Rand Paul, Senate Bill 222, Long-Term Contracts, and the AHCA
Rand Paul, like many Americans, doesn’t love the TrumpCare/RyanCare that came out of the house. Here is what Rand Paul thinks about healthcare reform.
In Paul’s Fox News article in which he promotes his Senate Bill 222, Sen. Rand Paul: Senate has chance to fix ObamaCare after the House didn’t, he makes it clear that he like many Americans isn’t happy with the House GOP healthcare bill.
His first complaint is one that will probably give progressives and liberals pause, that is,
“Virtually every Republican ran on dismantling the abomination of ObamaCare and fixing our broken health care system. Does the House Health Bill do that? I don’t think so, and I’ll tell you why…”
Yet his second statement right after that should give that some demographic hope,
“… There were many areas of reform considered – repealing regulations, cutting taxes, and introducing free market reforms into the system. The bill so far falls short on two of the three (it cuts taxes). But most importantly it falls short on free market reforms to lower prices and provide better, less expensive health care to millions of Americans.”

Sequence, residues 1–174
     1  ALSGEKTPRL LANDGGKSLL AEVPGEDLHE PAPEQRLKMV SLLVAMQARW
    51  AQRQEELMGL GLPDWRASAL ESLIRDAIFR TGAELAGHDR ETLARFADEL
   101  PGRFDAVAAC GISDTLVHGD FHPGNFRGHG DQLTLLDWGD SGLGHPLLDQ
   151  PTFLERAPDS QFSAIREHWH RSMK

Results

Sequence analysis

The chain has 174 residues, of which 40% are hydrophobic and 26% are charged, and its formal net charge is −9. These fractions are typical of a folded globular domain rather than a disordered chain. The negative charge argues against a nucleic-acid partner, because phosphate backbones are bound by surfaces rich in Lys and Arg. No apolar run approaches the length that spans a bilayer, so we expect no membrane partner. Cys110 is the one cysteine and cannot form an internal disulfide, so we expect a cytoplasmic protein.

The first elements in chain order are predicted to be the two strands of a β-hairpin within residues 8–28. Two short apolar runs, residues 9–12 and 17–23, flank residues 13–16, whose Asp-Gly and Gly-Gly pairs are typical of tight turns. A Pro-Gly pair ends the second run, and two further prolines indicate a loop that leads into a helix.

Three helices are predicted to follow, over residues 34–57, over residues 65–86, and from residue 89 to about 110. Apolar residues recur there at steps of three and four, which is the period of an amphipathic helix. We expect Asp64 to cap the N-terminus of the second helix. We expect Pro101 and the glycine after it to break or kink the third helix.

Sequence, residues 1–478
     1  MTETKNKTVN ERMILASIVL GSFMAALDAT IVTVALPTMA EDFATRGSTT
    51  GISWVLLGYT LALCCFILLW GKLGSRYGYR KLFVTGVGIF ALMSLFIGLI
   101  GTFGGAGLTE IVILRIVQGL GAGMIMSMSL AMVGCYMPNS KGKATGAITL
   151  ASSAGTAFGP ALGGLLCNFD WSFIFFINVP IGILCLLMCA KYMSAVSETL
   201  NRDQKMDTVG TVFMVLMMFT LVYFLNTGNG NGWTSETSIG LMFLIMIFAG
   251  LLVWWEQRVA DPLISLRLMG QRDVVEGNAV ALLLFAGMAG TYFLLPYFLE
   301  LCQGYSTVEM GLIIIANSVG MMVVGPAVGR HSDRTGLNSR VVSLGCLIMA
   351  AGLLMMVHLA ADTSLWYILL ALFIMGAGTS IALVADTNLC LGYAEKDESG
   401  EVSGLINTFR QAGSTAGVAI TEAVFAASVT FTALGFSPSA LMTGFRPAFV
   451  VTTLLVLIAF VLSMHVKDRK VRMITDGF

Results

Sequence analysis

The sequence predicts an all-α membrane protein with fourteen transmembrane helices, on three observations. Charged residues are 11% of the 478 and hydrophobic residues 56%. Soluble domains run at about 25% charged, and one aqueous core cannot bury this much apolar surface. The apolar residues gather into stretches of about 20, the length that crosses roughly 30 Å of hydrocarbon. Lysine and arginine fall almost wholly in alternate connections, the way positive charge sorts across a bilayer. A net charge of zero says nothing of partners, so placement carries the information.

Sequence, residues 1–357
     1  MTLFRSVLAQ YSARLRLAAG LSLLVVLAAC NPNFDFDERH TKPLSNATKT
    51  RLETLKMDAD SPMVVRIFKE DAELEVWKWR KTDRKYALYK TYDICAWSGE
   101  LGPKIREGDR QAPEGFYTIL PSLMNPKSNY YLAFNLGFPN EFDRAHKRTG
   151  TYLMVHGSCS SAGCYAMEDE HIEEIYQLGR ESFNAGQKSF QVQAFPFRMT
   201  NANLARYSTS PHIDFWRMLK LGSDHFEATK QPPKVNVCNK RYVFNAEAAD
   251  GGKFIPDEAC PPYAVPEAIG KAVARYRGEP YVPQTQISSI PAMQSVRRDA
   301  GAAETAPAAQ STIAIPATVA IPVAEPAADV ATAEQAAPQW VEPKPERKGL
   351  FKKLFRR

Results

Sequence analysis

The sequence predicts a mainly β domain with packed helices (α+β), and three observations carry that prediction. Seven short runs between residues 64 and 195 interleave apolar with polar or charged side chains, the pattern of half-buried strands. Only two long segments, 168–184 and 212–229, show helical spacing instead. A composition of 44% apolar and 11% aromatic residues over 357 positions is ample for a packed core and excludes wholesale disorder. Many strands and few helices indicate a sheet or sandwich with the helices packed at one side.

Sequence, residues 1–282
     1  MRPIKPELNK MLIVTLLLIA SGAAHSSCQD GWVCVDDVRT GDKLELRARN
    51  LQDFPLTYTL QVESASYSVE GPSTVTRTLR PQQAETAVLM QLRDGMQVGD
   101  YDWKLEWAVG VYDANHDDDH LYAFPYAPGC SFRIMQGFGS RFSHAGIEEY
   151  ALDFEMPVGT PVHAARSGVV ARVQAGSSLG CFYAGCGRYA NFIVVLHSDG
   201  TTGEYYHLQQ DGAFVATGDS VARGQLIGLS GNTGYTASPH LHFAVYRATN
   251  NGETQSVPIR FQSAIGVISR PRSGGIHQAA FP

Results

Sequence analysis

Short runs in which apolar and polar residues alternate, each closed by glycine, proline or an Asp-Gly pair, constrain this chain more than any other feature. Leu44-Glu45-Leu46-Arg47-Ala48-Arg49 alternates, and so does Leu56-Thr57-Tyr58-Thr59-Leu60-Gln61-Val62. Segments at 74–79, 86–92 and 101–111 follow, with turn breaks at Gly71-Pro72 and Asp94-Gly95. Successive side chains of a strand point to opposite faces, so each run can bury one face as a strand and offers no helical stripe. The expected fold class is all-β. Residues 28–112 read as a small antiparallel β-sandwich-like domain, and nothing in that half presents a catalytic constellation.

In other words, Paul is correctly pointing out that all the GOP bill does is cut taxes, it does not offer free market reforms to lower prices and provide better, less expensive health care to millions of Americans.
Finally, some honesty. The House keeps saying “choices” “solutions” “better healthcare,” but it is empirically evident from reading the bill and writing about it that it really is mostly just a tax break (for the rich and a bit for the rest of us… but at the expense of assistance programs).
Rand than goes on to rightly complain,
“The people who wrote the bill don’t really think they’ve solved the problem, either. Strong evidence for that is the House bill’s creation of a massive federal program to pay insurance companies to continue coverage for those who develop a “pre-existing” condition, aka become seriously ill without insurance.
By creating this $140 billion federal entitlement to perpetually fund a high-risk pool, the House acknowledges that the brokenness of our health insurance system will continue, and they have offered no other solution than a federal bailout to insurance companies and states.”